I think that uncle Albie was a great man, a great inventor for theo, a fab puzzle solver for magazines and iggy’s games and a person who could help millie in all possible ways. He was great with the scooby doo magz which I adored and the boys must have every single copy. He made all sorts of great things with is fiddly hands(how did he do it) and every day he I came up I would always see him sitting at his desk solving a crossword or making something or even just working with a cuppa always by his side. I love you Albie you were a great uncle to have.

  10. Eric Westbrook Says:

    I feel that I have known Albie Fiore for many years having been taken on wonderful tours of parts of his great brain and personality through his brilliant crosswords as Taupi in The Guardian.

    When I asked Albie if he would consider writing clues for our 3D crosswords in a charity calendar, he agreed immediately. It was his puzzle this July that ends today. He had already compiled a new puzzle for us for July next year. He gave his genius freely to help raise funds for BBC CiNA and to help build a new home and school for young people with visual impairment with multiple other disabilities.

    Great mind. Marvelous wit and dexterity with language. Great heart.

    I will continue to travel with Taupi.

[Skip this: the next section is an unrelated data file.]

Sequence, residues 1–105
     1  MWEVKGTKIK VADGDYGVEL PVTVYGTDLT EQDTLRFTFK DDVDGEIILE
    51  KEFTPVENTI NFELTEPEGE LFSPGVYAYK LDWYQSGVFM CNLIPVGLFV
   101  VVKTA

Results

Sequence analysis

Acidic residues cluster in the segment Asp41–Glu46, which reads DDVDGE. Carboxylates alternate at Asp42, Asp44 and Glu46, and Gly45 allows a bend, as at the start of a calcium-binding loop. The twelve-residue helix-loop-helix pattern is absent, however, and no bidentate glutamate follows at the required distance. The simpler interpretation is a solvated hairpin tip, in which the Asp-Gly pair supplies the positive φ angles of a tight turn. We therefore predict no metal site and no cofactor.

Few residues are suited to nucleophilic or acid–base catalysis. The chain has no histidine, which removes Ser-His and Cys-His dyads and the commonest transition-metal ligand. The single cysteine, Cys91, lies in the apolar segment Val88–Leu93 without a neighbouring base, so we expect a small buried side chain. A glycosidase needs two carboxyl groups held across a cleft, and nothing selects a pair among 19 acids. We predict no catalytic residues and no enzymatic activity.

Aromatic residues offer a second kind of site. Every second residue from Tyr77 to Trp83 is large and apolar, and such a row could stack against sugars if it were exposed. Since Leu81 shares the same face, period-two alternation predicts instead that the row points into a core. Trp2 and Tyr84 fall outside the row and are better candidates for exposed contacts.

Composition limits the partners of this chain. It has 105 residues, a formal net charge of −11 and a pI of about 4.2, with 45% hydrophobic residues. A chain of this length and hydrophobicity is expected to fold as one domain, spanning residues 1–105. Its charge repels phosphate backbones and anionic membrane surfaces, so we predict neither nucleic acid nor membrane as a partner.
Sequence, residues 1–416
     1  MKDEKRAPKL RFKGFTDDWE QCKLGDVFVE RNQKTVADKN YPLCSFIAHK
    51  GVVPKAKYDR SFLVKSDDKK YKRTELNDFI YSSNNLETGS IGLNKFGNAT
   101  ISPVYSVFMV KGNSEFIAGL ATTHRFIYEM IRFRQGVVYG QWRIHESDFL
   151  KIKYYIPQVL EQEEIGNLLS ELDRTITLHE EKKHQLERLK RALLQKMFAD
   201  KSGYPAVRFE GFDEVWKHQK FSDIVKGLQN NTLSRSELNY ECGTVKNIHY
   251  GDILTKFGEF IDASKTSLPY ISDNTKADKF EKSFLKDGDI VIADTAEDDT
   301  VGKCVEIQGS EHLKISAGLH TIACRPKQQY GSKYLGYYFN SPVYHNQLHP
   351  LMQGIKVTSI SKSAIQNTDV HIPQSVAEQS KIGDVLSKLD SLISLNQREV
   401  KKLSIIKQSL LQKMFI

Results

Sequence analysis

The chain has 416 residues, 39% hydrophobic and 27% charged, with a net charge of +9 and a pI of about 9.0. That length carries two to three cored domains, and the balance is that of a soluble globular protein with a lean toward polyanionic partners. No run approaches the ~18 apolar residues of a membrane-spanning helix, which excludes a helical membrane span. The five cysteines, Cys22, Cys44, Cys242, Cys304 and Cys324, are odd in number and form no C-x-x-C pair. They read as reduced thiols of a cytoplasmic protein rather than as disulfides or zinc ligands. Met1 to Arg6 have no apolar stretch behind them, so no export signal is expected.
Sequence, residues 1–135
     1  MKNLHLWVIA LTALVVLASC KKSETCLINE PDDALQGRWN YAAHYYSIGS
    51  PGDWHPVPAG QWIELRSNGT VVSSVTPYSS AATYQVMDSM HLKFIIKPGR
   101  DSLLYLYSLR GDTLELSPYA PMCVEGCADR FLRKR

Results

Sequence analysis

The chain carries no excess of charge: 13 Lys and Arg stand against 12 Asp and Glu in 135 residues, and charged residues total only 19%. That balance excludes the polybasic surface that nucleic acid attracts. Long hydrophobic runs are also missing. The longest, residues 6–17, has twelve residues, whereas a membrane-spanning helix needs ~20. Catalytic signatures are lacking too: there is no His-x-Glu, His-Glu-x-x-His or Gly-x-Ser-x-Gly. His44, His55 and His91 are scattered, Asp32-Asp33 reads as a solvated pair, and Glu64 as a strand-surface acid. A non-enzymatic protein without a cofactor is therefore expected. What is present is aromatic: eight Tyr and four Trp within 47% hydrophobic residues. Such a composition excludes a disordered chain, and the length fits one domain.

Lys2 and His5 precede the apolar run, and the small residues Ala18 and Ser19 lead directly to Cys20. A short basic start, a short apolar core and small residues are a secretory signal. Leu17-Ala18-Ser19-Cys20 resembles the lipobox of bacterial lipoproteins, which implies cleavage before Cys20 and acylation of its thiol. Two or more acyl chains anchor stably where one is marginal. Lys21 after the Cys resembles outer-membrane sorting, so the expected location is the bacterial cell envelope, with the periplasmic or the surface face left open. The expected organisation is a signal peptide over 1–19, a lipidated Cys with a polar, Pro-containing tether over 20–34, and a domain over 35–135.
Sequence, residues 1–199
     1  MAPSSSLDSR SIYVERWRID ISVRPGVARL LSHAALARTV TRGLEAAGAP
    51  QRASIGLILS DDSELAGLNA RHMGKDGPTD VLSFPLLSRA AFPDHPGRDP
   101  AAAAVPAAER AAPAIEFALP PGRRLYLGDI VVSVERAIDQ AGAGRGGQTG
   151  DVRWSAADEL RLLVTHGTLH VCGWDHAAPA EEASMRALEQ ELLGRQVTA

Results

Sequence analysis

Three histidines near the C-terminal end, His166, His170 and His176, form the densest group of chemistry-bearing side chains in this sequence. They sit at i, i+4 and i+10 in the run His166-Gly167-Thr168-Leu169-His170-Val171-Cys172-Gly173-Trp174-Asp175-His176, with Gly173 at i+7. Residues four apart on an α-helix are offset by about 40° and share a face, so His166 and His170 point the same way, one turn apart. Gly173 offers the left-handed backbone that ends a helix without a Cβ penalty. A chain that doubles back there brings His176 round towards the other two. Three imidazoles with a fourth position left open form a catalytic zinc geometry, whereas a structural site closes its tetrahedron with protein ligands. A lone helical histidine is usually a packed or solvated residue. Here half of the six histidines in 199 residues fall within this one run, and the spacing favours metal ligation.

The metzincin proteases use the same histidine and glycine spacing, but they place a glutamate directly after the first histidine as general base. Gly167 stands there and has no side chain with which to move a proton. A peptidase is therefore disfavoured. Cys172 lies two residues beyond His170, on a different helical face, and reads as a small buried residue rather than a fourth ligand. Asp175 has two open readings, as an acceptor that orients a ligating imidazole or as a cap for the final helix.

Thank you Albie.

    Eric Westbrook

  11. Jim Donovan Says:

    Albie was my cousin and I and my two brothers lived in South London whilst Albie was in Southend on Sea. We shared our childhood togther, our teenage years and some wild parties in our early twenties. I admired Albie because he was the most rational and kind human I have known, I loved him like a brother and bitterly regret we drifted apart in our later years. Goodbye Albie, there are no noises in the dark now the patterns were from the parrafin stove.

  12. Claire Edwards Says:

    Albie was a magical uncle and godfather.

    I will never forget the penny slot machines, the thrill of being spun round and spit on(!!) as he performed yet another ‘washing machine’ ride to the calls of ‘again again’, the amazing lego towers which seemed to become more complex and imaginative with each build, the already sliced banana which he would unpeel to our absolute delight, the walks through the fields ducking and diving into the corn (and being lifted over the fence into stinging nettles!!!) and this is to name but a few of the magical childhood experiences that Uncle Albie gave so freely.

    Albie was and will remain an incredibly special and influential person in my life.

    My thoughts are with you Sue, Iggy, Theo and Millie. Love to you all.

    Claire Edwards

  13. Bill Fuller Says: